On Pilgrimage (April 1953)
Summary: Reflects on Holy Week and the themes of suffering, joy, and gratitude. Talks of spinning wool. (DDLW #649). The Catholic Worker, April 1953, 3, 8.
This last week of Lent and the climax of Easter are the peak of the year. As a holy season it is unmitigated joy. Somehow the sufferings of daily life, the uglinesses around one are suddenly changed, lighted up, transformed. Love, suffering, joy, all go together. It is a mystery. “”With desire, have I desired to eat the Pasch with my disciples,” our Lord Jesus Christ said. Holy Thursday gives us the strength for Good Friday.
Many years ago, Ade Bethune made a little booklet, illustrated and illumined with texts, THE WAY OF THE CROSS. The note of the little pamphlet which is now out of print is joy. “You shall be sorrowful, but your sorrow shall be turned into joy, and your joy, no man takes from you.” From station to station, as Christ proceeds from Pilate, taking his cross, falling beneath it, meeting his mother, Simon of Cyrene, Veronica, falling again twice, encountering the women of Jerusalem, being stripped of his garments, being nailed to the Cross, dying, being buried,–through all these Stations the refrain is repeated, “My yoke is easy,–My burden light…Fear not, for I have conquered death…In the world you shall have distress, but have confidence, I have overcome the world.” And it ends, “My grace is enough.”
Joy and gratitude go together. Gratitude for everything, giving thanks at all times and in all places. And it is a good time to thank our readers who are helping us in so many ways with the work. The letters that come in with help to pay the bills are very reassuring. One reader tells how she has turned her house into a house of hospitality for her poorer relatives, often the shiftless ones. It expresses the folly of love. Another is knitting cheerful afghans for us. Bishop Haas of Grand Rapids and Archbishop O’Boyle sends us help and good letters and this is just the beginning of answers to the appeal which goes out during the month of St. Joseph. We are praying we have enough to catch up on the bills and republish the book of Peter Maurin’s essays which is being redesigned by David Way, and illustrated by Fritz Eichenberg. Next editions will be sewn, not stapled.
I have had a few hours of spinning last month at the Peter Maurin farm. Madeleine Sheridan of Canada, sent me a spinning wheel last year, and Lauren
Ford of Connecticut a fleece of one of her sheep, and Ammon Hennacy the black fleece of another. I spin as an exercise in relaxation, and to indulge in a work which the Blessed Mother must have engaged in often. When I learned how a few years ago, I asked her help especially. Gandhi’s followers spin for half an hour a day as part of the village program of India, a program of reconstruction as important to our times as the non-violent resistance which is taking place in South Africa. Certainly I remember to pray for the leaders of India in the great task ahead of them when I am engaged in this delightful occupation. I am spinning the good strong wool, to knit new feet in a long pair of home knit stockings which Ammon Hennacy wears under his rubber boots when he spends nights irrigating. The stockings were knit by Helen Demoskoff, a Doukobor who has just finished serving a term in prison in Ontario for conscience’s sake. We hope to have a letter from her in the next issue. *** —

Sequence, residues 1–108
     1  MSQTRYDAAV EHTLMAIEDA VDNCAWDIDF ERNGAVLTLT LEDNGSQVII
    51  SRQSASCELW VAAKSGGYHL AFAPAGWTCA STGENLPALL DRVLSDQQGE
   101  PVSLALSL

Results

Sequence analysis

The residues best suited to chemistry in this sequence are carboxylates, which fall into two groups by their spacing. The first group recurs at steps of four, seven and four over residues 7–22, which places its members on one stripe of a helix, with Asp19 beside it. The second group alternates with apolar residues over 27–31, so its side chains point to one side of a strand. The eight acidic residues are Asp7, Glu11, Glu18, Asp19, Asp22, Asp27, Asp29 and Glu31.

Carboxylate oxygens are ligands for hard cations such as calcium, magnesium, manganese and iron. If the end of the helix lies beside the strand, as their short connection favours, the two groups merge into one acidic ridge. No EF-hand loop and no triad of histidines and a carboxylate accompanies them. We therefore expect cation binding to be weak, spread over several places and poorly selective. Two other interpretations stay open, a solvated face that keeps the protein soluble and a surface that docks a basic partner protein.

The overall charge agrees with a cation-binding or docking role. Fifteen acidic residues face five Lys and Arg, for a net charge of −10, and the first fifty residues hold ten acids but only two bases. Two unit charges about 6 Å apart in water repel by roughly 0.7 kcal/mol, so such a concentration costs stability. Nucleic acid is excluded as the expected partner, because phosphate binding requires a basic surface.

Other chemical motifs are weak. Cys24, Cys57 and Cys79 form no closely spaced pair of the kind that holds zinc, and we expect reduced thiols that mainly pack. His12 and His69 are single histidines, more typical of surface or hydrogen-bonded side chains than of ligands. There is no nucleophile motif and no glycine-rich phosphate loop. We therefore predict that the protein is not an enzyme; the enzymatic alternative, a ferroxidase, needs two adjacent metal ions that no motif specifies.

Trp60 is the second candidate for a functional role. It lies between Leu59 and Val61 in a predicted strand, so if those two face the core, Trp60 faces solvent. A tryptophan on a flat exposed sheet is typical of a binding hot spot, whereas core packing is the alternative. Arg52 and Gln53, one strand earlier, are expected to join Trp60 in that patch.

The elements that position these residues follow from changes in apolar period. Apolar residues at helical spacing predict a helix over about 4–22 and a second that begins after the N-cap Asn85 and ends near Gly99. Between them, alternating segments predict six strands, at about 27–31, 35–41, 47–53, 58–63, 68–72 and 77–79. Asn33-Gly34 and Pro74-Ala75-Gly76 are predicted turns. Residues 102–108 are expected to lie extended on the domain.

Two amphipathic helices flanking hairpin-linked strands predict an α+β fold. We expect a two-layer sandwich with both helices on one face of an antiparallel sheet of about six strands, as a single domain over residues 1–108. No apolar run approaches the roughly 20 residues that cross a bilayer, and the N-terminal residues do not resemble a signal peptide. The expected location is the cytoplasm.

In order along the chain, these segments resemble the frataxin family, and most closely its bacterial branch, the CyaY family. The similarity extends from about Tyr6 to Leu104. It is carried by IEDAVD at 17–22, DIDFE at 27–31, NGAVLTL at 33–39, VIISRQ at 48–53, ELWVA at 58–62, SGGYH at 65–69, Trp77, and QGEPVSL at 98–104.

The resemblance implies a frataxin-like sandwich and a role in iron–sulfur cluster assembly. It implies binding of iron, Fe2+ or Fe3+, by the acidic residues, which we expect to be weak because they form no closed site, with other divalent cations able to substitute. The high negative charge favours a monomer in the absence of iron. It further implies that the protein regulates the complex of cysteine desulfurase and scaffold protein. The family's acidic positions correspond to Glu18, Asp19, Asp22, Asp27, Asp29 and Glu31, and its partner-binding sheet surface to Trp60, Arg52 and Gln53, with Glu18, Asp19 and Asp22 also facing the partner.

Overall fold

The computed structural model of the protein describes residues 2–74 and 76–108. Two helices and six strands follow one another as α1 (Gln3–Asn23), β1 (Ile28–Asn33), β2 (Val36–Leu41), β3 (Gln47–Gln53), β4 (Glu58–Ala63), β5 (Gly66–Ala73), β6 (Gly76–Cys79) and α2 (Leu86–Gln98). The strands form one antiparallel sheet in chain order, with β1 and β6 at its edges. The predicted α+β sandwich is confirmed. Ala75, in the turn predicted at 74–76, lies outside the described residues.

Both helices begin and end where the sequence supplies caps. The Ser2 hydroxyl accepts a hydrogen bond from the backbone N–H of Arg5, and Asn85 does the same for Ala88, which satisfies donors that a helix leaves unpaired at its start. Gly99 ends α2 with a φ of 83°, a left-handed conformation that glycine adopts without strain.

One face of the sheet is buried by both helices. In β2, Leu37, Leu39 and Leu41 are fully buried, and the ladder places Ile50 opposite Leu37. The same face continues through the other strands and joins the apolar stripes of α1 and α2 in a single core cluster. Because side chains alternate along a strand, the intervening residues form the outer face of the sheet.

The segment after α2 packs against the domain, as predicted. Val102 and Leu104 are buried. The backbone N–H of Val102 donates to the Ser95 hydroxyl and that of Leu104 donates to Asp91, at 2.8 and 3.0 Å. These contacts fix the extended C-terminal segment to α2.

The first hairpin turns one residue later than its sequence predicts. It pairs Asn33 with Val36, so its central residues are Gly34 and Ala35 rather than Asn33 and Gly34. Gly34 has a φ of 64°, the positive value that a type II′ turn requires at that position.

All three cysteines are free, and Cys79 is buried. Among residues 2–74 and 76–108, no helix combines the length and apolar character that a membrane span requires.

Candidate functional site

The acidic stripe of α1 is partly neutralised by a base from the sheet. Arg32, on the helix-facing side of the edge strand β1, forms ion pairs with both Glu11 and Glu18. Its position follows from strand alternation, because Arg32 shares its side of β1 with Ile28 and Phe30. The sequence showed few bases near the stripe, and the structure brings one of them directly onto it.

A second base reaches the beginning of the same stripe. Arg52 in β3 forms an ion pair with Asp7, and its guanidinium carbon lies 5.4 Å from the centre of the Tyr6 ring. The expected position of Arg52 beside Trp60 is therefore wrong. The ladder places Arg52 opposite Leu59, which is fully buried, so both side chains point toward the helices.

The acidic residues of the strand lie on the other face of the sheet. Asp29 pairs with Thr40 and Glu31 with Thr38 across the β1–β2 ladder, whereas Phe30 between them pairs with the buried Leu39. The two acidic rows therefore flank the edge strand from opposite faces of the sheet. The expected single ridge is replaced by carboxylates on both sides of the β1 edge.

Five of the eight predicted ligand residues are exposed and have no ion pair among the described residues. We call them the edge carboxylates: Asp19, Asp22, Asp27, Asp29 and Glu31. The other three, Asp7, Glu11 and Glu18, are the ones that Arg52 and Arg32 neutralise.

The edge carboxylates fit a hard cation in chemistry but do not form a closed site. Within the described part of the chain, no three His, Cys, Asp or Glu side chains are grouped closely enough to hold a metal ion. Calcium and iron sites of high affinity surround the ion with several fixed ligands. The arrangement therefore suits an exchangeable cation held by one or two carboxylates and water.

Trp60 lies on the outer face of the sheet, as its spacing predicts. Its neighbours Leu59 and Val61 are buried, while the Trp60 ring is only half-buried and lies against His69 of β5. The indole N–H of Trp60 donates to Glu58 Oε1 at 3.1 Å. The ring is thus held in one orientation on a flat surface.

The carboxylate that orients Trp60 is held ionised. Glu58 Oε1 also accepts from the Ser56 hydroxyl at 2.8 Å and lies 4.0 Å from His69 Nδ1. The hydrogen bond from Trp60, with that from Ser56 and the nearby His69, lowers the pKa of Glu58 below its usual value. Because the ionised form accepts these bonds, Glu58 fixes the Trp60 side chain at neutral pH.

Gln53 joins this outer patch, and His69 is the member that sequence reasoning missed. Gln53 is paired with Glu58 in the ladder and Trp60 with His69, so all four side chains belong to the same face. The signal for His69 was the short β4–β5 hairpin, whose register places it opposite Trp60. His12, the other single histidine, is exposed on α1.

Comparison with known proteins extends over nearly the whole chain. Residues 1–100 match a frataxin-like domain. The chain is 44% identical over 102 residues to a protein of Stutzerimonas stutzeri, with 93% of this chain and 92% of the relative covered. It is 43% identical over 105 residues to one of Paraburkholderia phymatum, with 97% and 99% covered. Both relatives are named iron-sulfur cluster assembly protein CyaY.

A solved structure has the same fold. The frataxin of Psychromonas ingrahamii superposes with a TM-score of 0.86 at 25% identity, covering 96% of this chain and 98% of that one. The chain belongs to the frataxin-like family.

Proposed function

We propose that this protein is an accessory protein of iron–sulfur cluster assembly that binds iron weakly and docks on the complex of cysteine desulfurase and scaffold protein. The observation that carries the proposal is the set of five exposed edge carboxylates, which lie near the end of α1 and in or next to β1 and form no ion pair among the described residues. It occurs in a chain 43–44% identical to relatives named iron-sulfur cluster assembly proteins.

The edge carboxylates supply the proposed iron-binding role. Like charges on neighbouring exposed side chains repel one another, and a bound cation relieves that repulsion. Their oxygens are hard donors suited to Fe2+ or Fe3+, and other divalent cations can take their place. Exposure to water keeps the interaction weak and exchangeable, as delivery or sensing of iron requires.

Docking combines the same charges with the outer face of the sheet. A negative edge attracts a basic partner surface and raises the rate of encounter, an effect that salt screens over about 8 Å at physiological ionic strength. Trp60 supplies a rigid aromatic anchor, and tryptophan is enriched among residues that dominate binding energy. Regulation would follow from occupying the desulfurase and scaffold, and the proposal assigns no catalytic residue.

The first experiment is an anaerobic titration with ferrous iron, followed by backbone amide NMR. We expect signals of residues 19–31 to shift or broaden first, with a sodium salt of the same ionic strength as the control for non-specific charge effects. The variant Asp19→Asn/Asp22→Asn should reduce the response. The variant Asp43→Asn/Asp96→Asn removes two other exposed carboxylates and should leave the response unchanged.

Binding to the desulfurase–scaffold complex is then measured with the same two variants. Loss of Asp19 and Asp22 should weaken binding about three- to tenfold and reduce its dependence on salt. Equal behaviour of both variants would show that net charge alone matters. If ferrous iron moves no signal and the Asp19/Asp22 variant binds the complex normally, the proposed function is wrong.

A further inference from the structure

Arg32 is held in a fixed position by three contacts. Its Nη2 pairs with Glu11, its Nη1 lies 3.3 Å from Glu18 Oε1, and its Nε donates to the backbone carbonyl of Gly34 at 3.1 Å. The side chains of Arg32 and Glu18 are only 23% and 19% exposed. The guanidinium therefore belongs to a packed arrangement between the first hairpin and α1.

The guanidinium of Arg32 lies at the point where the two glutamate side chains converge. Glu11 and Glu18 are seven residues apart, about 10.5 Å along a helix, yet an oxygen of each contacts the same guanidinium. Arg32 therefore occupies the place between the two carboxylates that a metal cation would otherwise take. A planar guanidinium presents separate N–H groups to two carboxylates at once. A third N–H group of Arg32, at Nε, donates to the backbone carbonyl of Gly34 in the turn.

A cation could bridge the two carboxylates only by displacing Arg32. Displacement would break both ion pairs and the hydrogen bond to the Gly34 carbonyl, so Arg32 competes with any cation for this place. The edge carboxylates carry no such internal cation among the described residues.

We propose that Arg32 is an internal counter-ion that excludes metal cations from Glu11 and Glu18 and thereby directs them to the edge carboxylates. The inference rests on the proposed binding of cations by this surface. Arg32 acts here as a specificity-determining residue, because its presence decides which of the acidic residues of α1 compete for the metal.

As this goes to press a telegram arrives from Ammon Hennacy, announcing the death of the Old Pioneer, on whose acres he lived, and whom Ammon admired as a man of great integrity. The telegram brought joyful news also. Linn Orme was baptized a Catholic by Fr. Dunn the night before he died.; Ammon and the Old Pioneer had close love for each other and I was happy indeed to have met him on my recent visit to Phoenix.
Tomorrow I go to Staten Island to my daughters to baby-sit for a week end, so that David and Tamar can be present at the wedding of his youngest sister in Washington, D.C. What a joy that will be. Last time I was there, Susie, 6, was showing me how she could read from her first reader and the word “Jesus” kept coming up. And while she read I thought of what the theologian Bulgakoff wrote once that many Orthodox believe that the very saying of God’s name invokes his presence; and I thought too of Catherine of Genoa kissing the mouth of a plague stricken patient who repeated the Holy Name after her. What is that St. Bernard says? Jesus is music on the lips, honey in the mouth, and a shout of joy in the heart.